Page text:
Healthy relationships are a vital component of health and well-being. There is compelling evidence that strong relationships contribute to a long, healthy, and happy life.
Matt Hewitt, interpersonal psychotherapist and senior counsellor at Derwent Rural Counselling Service, looks at the importance of relationships for good mental health.
“Humans are social animals and so it is generally better for our mental health and well-being to form and maintain healthy relationships.
“These may be family-based, platonic or romantic, and are part and parcel of what makes us human.
“Most of the time relationships enrich our lives and offer vital social interaction. However, relationships are also incredibly complex in nature and so the way we function within these relationships can have a significant effect on our mental health.
“Isolation has also been shown to assist in the development of the symptoms of depression.
“Also, the symptoms of depression can actually make us feel like we do not want to socialise which then reinforces the symptoms of the illness.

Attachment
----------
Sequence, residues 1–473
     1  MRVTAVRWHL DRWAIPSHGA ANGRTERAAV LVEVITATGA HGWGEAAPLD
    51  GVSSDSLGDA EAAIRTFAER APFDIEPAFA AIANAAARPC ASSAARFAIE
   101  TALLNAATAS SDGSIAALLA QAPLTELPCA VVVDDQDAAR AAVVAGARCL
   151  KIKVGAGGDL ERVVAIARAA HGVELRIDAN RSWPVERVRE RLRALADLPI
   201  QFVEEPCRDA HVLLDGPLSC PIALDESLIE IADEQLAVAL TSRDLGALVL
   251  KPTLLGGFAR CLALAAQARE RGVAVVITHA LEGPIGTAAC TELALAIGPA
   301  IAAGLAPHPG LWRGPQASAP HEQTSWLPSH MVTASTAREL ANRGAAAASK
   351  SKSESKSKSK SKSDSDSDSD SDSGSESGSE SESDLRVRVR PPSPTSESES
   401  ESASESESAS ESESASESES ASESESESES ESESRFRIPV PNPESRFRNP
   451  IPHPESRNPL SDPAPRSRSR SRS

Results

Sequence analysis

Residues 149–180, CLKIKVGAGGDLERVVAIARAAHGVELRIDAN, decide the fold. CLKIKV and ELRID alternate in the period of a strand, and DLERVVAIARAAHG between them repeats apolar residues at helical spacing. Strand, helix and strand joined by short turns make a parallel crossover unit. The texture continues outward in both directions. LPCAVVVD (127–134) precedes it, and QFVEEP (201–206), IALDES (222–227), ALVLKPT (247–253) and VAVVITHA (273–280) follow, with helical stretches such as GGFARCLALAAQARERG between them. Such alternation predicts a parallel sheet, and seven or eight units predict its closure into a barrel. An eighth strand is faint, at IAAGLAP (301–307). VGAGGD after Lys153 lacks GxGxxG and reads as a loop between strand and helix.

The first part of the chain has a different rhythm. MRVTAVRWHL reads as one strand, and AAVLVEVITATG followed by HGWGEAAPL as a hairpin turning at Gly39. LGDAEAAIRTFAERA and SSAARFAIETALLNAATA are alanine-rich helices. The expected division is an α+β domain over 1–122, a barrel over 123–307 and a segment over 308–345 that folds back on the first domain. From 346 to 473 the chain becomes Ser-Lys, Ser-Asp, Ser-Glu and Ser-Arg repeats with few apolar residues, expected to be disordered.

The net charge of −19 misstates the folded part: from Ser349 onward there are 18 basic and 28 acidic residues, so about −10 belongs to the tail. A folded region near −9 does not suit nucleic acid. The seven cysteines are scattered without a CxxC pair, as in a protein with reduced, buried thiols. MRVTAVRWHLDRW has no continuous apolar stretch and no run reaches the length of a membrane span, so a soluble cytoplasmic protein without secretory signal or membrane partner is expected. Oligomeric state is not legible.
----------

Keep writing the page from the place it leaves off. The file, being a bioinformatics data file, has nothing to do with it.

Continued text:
“A healthy balance of solitude and relational interaction is important to our mental health and well-being.
“The breakdown of communities has also had a negative impact on the mental health of many.
“Think about how your relationships or lack of relationships effect your mental health?
“Interpersonal therapy can help you to improve your social functioning with interpersonal strategies and techniques that in turn can then assist you in improving your mood levels.
“Virtually everything in life has a relational aspect and so it makes perfect sense that this area of our lives is hugely important towards the development and continuation of good mental health and well-being.”
If you want to talk to someone about your relationship call DRCS on 0800 047 6861.